of elements, and also the hitherto accepted explanations of various celestial phenomena—the source of solar energy and the appearances of the tails of comets—may require recasting.
In the same year as Klaproth detected uranium, he also isolated zirconia or zirconium oxide from the mineral variously known as zircon, hyacinth, jacynth and jargoon; but he failed to obtain the metal, this being first accomplished some years later by Berzelius, who decomposed the double potassium zirconium fluoride with potassium. In the following year, 1795, Klaproth announced the discovery of a third new element, titanium; its isolation (in a very impure form), as in the case of zirconium, was reserved for Berzelius.
Passing over the discovery of carbon disulphide by W. A. Lampadius in 1796, of chromium by L. N. Vauquelin in 1797, and Klaproth’s investigation of tellurium in 1798, the next important series of observations was concerned with platinum and the allied metals. Platinum had been described by Antonio de Ulloa in 1748, and subsequently discussed by H. T. Scheffer in 1752. In 1803 W. H. Wollaston discovered palladium, especially interesting for its striking property of absorbing (“occluding”) as much as 376 volumes of hydrogen at ordinary temperatures, and 643 volumes at 90°. In the following year he discovered rhodium; and at about the same time Smithson Tennant added two more to the list—iridium and osmium; the former was so named from the changing tints of its oxides (ῒρις, rainbow), and the latter from the odour of its oxide (ὀσμή, smell). The most recently discovered “platinum metal,” ruthenium, was recognized by C. E. Claus in 1845. The great number and striking character of the compounds of this group of metals have formed the subject of many investigations, and already there is a most voluminous literature. Berzelius was an early worker in this field; he was succeeded by Bunsen, and Deville and Debray, who worked out the separation of rhodium; and at a later date by P. T. Cleve, the first to make a really thorough study of these elements and their compounds. Of especial note are the curious compounds formed by the union of carbon monoxide with platinous chloride, discovered by Paul Schützenberger and subsequently investigated by F. B. Mylius and F. Foerster and by Pullinger; the phosphoplatinic compounds formed primarily from platinum and phosphorus pentachloride; and also the “ammino” compounds, formed by the union of ammonia with the chloride, &c., of these metals, which have been studied by many chemists, especially S. M. Jörgensen. Considerable uncertainty existed as to the atomic weights of these metals, the values obtained by Berzelius being doubtful. K. F. O. Seubert redetermined this constant for platinum, osmium and iridium; E. H. Keiser for palladium, and A. A. Joly for ruthenium.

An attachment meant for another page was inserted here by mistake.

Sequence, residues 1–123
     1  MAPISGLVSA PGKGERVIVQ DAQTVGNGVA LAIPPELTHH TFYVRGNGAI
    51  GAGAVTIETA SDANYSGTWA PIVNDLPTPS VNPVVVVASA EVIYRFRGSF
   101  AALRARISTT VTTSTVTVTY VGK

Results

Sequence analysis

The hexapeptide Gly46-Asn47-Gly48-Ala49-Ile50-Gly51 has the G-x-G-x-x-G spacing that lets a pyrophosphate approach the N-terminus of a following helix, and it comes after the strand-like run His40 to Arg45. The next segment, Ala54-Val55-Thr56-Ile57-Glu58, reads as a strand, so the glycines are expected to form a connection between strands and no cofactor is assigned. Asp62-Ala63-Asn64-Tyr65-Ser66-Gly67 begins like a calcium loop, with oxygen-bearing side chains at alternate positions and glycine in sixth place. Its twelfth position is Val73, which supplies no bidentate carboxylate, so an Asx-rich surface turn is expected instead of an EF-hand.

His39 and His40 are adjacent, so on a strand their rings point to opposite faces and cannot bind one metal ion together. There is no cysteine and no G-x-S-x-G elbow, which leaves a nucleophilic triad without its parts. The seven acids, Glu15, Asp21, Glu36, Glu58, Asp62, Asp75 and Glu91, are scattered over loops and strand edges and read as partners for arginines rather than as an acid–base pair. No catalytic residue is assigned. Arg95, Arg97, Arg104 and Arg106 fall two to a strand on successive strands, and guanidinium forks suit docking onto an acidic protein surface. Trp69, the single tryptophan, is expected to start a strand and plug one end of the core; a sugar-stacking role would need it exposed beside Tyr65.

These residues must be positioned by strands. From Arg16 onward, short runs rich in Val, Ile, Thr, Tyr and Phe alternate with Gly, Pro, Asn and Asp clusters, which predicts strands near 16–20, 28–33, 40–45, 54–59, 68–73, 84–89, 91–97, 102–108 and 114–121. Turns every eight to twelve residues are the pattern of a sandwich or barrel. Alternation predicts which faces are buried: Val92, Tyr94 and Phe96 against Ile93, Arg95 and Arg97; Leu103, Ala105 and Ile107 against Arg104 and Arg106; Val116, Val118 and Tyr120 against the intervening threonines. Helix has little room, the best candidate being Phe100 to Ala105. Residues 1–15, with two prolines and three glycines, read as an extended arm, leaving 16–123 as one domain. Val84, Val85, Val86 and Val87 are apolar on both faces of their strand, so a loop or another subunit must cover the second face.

The beginning of the 19th century witnessed the discovery of certain powerful methods for the analysis of compounds and the isolation of elements. Berzelius’s investigation of the action of the electric current on salts clearly demonstrated the invaluable assistance that electrolysis could render to the isolator of elements; and the adoption of this method by Sir Humphry Davy for the analysis of the hydrates of the metals of the alkalis and alkaline earths, and the results which he thus achieved, established its potency. In 1808 Davy isolated sodium and potassium; he then turned his attention to the preparation of metallic calcium, barium, strontium and magnesium. Here he met with greater difficulty, and it is to be questioned whether he obtained any of these metals even in an approximately pure form (see Electrometallurgy). The discovery of boron by Gay Lussac and Davy in 1809 led Berzelius to investigate silica (silex). In the following year he announced that silica was the oxide of a hitherto unrecognized element, which he named silicium, considering it to be a metal. This has proved to be erroneous; it is non-metallic in character, and its name was altered to silicon, from analogy with carbon and boron. At the same time Berzelius obtained the element, in an impure condition, by fusing silica with charcoal and iron in a blast furnace; its preparation in a pure condition he first accomplished in 1823, when he invented the method of heating double potassium fluorides with metallic potassium. The success which attended his experiments in the case of silicon led him to apply it to the isolation of other elements. In 1824 he obtained zirconium from potassium zirconium fluoride; the preparation of (impure) titanium quickly followed, and in 1828 he obtained thorium. A similar process, and equally efficacious, was introduced by F. Wöhler in 1827. It consisted in heating metallic chlorides with potassium, and was first applied to aluminium, which was isolated in 1827; in the following year, beryllium chloride was analysed by the same method, beryllium oxide (berylla or glucina) having been known since 1798, when it was detected by L. N. Vauquelin in the gem-stone beryl.